In 2018, eCommerce represented about 14.3% of total retail sales, and that number is only expected to go up every year. Being able to conduct business online allows you to connect with a wider group of consumers while lowering your overhead cost of renting space and paying employees. However, to accomplish this, you need a dependable way to process payments.
A payment aggregator allows mobile or online businesses to process payments without the need for setting up a merchant account through a bank. Instead, payments are processed on your behalf by a third-party.
While a handy tool for getting started with eCommerce, there are both benefits and drawbacks to this type of payment processing.
Setting up a merchant account can require a lot of time and tracking down and submitting various paperwork and documents. On the other hand, setting up an account with a payment aggregator usually requires very little paperwork. It can also take less time for your application to be processed, allowing you to start accepting payments sooner.
Most payment aggregators also provide their services with a flat fee. This makes it easy to budget and know what you’ll be paying upfront. Most payment aggregators also don’t require a long-term contract so you can shop around and find the one that’s best for you.
If you’re a newer business or process a relatively low number of transactions every month, a payment aggregator will be less expensive in the short-term than having a merchant account. Because there are usually no-startup fees, this makes it easy and convenient to get started right away.
While it’s quick to set up, it’s not as quick to receive your funds. Because the payments first need to go through your payment aggregator, they have control over when you receive your money. While most payments are dispersed within 24-48 hours upon receiving, it can take longer in some instances.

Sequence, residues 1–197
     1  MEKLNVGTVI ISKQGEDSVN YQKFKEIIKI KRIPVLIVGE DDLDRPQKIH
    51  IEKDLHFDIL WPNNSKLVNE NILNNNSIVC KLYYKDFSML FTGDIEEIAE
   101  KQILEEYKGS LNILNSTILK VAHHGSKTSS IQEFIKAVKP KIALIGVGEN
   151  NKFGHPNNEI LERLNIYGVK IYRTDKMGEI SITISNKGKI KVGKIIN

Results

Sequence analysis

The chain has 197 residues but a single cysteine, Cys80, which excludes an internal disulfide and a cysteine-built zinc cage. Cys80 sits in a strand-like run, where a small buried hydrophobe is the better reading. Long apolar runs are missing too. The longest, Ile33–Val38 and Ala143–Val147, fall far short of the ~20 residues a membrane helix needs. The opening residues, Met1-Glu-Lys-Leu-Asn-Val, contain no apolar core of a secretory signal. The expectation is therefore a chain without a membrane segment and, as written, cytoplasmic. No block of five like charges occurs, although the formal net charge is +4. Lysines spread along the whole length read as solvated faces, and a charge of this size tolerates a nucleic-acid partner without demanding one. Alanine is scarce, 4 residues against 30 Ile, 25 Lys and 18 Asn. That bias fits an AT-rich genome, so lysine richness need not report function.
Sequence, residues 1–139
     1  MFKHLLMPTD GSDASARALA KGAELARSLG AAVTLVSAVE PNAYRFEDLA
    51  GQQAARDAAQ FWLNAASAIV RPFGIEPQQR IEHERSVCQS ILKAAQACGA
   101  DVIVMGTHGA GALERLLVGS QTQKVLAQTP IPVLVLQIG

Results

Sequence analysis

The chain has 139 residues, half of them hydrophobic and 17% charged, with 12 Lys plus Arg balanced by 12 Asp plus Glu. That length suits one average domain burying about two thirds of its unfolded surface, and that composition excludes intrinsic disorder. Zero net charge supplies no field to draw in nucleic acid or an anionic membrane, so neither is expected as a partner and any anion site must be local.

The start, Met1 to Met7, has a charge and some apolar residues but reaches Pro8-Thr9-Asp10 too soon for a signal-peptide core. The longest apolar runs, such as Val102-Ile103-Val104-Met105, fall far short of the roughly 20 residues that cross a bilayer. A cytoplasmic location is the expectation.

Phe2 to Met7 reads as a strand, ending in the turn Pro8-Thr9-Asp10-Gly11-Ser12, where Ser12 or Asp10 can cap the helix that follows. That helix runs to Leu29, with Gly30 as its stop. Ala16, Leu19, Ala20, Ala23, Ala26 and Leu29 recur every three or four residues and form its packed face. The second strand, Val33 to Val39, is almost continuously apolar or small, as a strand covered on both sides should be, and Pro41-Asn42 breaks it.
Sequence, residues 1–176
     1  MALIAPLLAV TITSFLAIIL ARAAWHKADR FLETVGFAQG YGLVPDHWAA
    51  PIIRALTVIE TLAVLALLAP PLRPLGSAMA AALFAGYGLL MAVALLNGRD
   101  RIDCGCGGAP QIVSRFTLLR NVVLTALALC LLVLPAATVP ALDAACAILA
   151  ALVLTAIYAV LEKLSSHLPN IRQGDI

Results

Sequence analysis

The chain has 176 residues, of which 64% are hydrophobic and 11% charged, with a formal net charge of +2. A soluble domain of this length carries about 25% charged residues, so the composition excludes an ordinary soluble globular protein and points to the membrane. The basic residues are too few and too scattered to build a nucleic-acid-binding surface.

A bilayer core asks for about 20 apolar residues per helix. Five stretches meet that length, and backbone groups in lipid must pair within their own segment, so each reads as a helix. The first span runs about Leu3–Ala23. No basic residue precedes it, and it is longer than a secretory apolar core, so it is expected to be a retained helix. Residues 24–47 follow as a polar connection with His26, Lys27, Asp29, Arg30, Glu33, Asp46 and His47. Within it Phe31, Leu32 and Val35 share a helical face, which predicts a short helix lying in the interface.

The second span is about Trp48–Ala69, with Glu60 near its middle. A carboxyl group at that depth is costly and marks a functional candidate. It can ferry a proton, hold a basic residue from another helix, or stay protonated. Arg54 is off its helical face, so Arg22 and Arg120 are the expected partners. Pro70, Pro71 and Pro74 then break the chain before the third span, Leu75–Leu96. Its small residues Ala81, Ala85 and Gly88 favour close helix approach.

Suspicion of fraud can also have severe consequences for you because the payment aggregator is assuming a certain level of risk on your behalf. If your account starts showing signs of fraud, the payment aggregator can place a hold on it, creating an extra level of inconvenience and hassle for you.
As your business continues to grow, you can expect your fees to grow as well. Many payment aggregators even put limits on how many transactions you can process every month which can severely limit your ability to expand.
While a payment aggregator can help get your business up and going in the digital world, it’s not typically an ideal solution for businesses long-term. This is especially if your number of transactions is growing steadily.
However, if your business is consistent and you want a consistent fee structure to go along with that, a payment aggregator can be the optimal solution.
Weighing the pros and cons and researching specific payment aggregators can ensure that you are getting the services that make the most sense for your business.